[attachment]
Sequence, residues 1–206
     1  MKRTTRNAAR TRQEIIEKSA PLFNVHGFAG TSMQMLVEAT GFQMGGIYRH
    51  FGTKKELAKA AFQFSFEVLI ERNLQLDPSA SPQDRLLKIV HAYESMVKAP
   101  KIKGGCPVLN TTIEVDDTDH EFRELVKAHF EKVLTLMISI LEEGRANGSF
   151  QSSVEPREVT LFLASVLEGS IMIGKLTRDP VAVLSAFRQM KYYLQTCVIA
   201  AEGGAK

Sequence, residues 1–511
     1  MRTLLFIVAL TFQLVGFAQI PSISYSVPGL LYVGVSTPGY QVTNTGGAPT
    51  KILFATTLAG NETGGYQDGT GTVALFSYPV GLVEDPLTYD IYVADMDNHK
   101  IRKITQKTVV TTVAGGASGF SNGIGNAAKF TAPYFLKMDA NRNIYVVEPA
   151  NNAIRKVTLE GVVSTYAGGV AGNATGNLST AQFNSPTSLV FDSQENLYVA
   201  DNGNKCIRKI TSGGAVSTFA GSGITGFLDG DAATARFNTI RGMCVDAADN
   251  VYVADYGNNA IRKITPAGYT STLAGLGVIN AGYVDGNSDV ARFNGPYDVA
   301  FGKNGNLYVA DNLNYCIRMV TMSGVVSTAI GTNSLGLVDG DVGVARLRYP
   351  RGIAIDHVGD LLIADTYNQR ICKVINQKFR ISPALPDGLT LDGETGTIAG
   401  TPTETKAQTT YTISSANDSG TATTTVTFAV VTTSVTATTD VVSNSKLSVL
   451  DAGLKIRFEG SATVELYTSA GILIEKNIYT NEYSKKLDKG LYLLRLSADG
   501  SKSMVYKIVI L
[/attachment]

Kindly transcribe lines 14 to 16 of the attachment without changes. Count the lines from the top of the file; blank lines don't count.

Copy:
   301  FGKNGNLYVA DNLNYCIRMV TMSGVVSTAI GTNSLGLVDG DVGVARLRYP
   351  RGIAIDHVGD LLIADTYNQR ICKVINQKFR ISPALPDGLT LDGETGTIAG
   401  TPTETKAQTT YTISSANDSG TATTTVTFAV VTTSVTATTD VVSNSKLSVL